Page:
SPARTA — With less than half of Friday night's Built Ford Tough 225 race remaining, it appeared Todd Bodine was going to suffer through another typical hard-luck evening for him at Kentucky Speedway.
In five previous races at the Sparta track, Bodine had an average finish of only 13.2. And following a spin through the grass on Lap 81, that number didn't figure to get much better.
Instead of succumbing to his usual struggles at Kentucky, however, Bodine and his No. 30 Toyota team simply fell back on what has become the norm for them this season.
The current NASCAR Camping World Truck Series points leader gave another demonstration why he holds his current commanding lead, rallying from a midrace spin and stretching his fuel window to its limits to capture the 150-mile test over Johnny Sauter for his fourth victory of the season.
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Cup Series star Kyle Busch — who was aiming for his fifth straight win in a NASCAR event, regardless of series — finished seventh despite leading a race-high 73 laps. Busch qualified fourth but started at the rear of the 36-car field because of unapproved changes to his truck.
For all of Bodine's noted prowess on 11/2-mile tracks, Kentucky had been a source of angst for the former series champion as he was winless at the tri-oval and had finished 11th, 27th and 16th in his last three trips there.
When Bodine got loose coming out of Turn 4 while battling Busch on the inside for the lead with 69 laps remaining, it seemed the latter would be the one primed to do the Victory Lane hat dance.
Thanks to some quick pit- road work to repair a panel and a stop for fuel only on Lap 92 that somehow lasted over the final 58 laps, Bodine was able to work his way up to fifth with 24 laps to go and took the lead for good when leader Austin Dillon came in for two tires and fuel with 13 laps to go.
"That's the way the trucks are, someone comes down next to your quarter panel you get loose," Bodine said of his spin. "We got a great run on Kyle, he ran me tight through Turn 3 and 4, and it finally just came around on me.
"But our misfortune turned into our fortune because that's what gave us the little extra fuel to get to the end. We just kept pedaling and pedaling, and the last 10 laps I was running half throttle. But we had a great truck."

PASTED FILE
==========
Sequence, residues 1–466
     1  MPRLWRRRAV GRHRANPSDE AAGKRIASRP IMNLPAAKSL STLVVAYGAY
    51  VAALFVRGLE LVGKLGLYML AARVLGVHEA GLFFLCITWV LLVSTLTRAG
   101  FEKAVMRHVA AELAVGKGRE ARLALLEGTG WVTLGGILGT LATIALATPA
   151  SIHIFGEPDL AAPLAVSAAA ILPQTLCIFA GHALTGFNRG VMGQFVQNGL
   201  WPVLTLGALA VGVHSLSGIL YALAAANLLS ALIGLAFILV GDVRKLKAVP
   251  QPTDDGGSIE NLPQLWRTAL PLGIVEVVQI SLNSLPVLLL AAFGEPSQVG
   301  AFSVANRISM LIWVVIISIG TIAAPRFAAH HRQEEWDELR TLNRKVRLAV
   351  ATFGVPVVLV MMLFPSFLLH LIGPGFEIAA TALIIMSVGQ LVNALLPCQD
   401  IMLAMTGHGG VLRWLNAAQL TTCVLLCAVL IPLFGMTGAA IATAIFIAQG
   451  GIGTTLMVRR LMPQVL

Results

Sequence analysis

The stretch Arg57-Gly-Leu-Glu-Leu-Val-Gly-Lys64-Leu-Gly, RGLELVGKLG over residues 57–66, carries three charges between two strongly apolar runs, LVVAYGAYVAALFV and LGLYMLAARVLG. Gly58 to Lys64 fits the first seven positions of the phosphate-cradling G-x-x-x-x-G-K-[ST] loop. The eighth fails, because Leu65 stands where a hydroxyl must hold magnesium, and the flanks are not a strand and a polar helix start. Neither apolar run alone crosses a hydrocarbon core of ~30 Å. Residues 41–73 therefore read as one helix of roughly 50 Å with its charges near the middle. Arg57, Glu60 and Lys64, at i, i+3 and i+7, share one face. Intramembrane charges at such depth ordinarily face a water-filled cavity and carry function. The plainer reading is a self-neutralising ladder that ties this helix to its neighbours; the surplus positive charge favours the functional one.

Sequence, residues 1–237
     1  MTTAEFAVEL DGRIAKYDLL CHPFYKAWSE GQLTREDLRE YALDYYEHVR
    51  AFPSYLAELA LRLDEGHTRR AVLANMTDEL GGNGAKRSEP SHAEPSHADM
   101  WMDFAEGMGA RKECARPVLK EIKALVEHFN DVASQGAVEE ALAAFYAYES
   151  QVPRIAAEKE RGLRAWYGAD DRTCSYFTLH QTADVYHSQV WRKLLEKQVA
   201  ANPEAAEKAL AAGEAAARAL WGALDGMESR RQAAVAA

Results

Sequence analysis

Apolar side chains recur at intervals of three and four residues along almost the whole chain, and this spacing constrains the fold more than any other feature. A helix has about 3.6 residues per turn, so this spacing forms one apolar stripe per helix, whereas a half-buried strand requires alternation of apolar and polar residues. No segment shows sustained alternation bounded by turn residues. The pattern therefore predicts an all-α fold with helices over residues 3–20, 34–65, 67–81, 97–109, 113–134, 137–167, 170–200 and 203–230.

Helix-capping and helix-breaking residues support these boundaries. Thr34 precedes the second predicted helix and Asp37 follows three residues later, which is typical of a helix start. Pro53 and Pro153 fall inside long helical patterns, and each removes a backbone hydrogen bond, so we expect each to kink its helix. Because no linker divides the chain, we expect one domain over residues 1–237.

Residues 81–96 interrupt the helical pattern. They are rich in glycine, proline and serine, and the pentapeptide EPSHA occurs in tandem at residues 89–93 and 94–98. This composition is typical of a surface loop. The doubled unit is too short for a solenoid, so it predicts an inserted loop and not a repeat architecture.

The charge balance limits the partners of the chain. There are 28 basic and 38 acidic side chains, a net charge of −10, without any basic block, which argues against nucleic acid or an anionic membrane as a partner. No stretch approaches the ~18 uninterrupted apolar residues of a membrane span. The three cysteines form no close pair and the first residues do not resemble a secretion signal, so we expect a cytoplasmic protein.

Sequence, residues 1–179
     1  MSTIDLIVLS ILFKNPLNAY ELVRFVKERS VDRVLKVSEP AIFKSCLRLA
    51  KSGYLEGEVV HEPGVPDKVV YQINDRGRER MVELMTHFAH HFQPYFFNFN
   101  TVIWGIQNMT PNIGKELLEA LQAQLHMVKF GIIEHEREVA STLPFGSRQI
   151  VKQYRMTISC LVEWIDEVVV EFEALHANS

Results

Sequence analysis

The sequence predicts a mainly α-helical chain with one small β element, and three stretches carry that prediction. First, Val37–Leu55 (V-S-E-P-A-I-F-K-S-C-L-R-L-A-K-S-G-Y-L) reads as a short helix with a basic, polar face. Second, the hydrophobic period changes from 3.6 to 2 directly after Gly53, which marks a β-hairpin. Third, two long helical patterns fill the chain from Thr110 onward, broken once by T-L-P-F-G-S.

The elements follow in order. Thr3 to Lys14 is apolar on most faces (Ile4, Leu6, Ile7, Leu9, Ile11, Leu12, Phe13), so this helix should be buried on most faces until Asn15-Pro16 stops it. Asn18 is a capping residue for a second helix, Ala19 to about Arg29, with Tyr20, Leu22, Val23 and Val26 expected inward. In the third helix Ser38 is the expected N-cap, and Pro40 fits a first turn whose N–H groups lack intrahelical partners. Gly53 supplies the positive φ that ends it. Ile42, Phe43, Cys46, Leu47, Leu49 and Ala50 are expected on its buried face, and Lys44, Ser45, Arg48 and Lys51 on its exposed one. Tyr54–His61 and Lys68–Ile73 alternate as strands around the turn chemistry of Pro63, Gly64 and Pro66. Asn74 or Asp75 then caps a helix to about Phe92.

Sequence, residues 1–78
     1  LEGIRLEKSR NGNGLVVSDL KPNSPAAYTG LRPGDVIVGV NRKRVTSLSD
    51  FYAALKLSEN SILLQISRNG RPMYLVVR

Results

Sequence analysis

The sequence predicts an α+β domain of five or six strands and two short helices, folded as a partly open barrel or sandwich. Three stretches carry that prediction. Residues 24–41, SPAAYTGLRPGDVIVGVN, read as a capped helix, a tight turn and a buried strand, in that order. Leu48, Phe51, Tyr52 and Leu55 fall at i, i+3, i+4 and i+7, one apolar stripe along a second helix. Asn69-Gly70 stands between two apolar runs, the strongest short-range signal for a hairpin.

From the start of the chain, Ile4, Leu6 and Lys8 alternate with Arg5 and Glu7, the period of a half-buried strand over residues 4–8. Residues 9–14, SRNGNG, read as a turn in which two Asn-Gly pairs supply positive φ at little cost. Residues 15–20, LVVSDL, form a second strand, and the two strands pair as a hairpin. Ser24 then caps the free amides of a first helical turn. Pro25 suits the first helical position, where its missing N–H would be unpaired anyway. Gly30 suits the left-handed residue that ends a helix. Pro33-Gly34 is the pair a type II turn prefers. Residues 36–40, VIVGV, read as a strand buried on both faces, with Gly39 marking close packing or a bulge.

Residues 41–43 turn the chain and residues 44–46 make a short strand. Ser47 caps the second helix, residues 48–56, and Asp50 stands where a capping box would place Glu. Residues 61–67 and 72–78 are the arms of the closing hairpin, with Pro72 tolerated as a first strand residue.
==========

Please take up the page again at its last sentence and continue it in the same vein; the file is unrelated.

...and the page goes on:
Though Bodine was eight seconds in front of Sauter with nine laps to go, crew chief Mike Hillman Jr. figured the No. 30 truck was slated to run out of gas with about a lap and a half left.
Busch, who had pitted with 24 laps to go, had charged his way back into the top 10 and was lurking should the teams in front of him start suddenly finding themselves on "E."
Instead, even with his conservative tactics on the throttle, Bodine still had a 71/2-second lead as he rattled off the final two laps.
"I think that proves we're not points racing," Hillman said. "If we were point racing we would have come in for a splash of gas and finished seventh or eighth. I'm just so proud of these guys."
Bodine, who qualified 14th and earned his 21st career truck win, had words with Busch after Bodine thanked his rival for "driving dirty" in Victory Lane.
Busch was not approached for comment after the race.
"I used to have the highest respect for Kyle, but I'm losing it now," Bodine said.
Bodine extended his lead in the standings to 261 over third-place finisher Aric Almirola with seven races remaining.
"You can't relax, anything can happen," Bodine said of the championship race. "But this team does a great job in the shop, a great job in the pits and that's what makes up a championship team."